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REVIEW: Cyclin-Dependent Kinase Inhibitor p21Waf1: Contemporary View on Its Role in Senescence and Oncogenesis

V. S. Romanov1,2*, V. A. Pospelov1,3, and T. V. Pospelova1,3

1Institute of Cytology, Russian Academy of Sciences, Tikhoretsky pr. 4, 194064 St. Petersburg, Russia; fax: (812) 297-3541; E-mail: vsromanov@hotmail.com

2Leibniz Institute for Age Research – Fritz Lipmann Institute, Beutenbergstraße 11, D-07745 Jena, Germany

3St. Petersburg State University, Universitetskaya nab. 7/9, 199034 St. Petersburg, Russia

* To whom correspondence should be addressed.

Received February 24, 2012; Revision received March 15, 2012
p21Waf1 was identified as a protein suppressing cyclin E/A-CDK2 activity and was originally considered as a negative regulator of the cell cycle and a tumor suppressor. It is now considered that p21Waf1 has alternative functions, and the view of its role in cellular processes has begun to change. At present, p21Waf1 is known to be involved in regulation of fundamental cellular programs: cell proliferation, differentiation, migration, senescence, and apoptosis. In fact, it not only exhibits antioncogenic, but also oncogenic properties. This review provides a contemporary understanding of the functions of p21Waf1 depending on its intracellular localization. On one hand, when in the nucleus, it serves as a negative cell cycle regulator and tumor suppressor, in particular by participating in the launch of a senescence program. On the other hand, when p21Waf1 is localized in the cytoplasm, it acts as an oncogene by regulating migration, apoptosis, and proliferation.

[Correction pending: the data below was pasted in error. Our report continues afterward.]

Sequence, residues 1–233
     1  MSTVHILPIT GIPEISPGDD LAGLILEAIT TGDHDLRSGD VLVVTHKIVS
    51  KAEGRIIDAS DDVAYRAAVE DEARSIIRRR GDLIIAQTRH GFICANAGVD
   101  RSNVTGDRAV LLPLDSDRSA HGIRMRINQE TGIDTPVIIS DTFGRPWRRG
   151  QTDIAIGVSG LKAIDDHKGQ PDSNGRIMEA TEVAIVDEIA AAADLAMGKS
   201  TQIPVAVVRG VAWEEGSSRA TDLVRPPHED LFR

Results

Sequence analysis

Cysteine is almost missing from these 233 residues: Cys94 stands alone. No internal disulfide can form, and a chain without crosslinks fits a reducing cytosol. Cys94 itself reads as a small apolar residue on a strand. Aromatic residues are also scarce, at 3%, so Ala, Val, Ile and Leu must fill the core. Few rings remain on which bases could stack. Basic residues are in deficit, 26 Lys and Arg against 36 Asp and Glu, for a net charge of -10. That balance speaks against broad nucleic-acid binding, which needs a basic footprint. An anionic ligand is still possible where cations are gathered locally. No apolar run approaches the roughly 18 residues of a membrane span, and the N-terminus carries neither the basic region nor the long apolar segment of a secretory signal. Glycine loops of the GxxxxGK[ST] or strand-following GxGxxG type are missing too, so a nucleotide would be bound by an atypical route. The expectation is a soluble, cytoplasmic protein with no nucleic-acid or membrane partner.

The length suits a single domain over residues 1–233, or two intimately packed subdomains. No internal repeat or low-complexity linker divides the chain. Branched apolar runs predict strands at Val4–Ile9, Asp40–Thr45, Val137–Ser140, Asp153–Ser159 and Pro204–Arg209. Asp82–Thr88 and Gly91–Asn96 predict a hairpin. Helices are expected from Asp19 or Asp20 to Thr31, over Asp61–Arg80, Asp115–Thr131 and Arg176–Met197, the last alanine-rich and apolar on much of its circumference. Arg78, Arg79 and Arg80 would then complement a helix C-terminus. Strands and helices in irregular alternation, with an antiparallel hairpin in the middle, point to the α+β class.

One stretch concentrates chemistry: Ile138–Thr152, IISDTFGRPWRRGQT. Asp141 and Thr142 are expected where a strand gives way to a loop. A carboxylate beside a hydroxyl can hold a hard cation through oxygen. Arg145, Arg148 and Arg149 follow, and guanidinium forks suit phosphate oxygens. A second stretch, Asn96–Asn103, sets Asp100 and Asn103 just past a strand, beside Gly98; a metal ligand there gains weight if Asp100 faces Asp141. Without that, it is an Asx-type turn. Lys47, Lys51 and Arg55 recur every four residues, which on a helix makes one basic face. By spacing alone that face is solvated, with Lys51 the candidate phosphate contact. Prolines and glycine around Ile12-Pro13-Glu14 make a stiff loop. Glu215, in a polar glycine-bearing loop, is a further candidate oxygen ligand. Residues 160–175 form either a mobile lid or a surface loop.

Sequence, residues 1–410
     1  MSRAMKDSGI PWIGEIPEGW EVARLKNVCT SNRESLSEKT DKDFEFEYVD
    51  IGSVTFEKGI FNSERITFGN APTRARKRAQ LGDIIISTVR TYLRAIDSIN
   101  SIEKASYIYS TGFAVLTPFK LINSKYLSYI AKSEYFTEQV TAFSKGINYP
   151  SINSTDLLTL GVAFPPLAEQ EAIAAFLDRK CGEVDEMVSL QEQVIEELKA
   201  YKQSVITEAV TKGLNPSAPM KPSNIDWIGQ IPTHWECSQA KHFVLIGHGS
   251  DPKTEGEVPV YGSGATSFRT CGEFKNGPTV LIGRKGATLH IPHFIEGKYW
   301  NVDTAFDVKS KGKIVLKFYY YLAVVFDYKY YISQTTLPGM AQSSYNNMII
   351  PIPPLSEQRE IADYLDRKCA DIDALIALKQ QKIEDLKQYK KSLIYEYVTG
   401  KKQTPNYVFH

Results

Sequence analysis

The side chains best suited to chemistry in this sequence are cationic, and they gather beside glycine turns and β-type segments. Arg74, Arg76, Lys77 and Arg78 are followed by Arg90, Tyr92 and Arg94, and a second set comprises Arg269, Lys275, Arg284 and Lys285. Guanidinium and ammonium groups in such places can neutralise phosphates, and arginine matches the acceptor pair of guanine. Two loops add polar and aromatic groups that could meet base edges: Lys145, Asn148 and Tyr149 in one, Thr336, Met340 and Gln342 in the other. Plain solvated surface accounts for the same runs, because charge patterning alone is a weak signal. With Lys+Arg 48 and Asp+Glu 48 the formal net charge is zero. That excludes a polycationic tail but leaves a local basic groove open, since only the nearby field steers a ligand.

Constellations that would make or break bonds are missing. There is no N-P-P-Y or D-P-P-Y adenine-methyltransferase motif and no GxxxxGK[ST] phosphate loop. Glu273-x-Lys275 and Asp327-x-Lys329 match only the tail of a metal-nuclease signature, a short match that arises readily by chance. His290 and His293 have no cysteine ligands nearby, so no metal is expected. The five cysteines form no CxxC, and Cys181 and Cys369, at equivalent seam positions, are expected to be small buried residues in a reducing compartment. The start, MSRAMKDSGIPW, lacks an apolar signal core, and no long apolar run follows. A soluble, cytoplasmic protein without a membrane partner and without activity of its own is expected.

KEY WORDS: p21Waf1, oncogene, cell cycle, senescence, cytoplasmic localization, apoptosis

DOI: 10.1134/S000629791206003X